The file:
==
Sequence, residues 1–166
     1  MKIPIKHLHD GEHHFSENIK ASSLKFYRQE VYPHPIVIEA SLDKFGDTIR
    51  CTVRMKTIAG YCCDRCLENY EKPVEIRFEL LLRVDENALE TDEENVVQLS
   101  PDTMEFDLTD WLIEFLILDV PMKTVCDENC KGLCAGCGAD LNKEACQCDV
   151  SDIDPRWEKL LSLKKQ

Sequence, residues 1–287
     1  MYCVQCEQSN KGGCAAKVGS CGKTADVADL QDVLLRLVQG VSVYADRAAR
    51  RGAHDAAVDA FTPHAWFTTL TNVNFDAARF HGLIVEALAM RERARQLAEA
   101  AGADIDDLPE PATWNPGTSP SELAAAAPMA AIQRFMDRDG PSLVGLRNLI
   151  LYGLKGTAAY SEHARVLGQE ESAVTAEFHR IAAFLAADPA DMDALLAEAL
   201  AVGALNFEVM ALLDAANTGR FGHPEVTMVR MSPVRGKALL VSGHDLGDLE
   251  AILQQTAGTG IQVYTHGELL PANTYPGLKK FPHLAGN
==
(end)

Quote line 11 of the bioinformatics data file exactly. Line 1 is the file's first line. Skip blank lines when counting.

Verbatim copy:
   201  AVGALNFEVM ALLDAANTGR FGHPEVTMVR MSPVRGKALL VSGHDLGDLE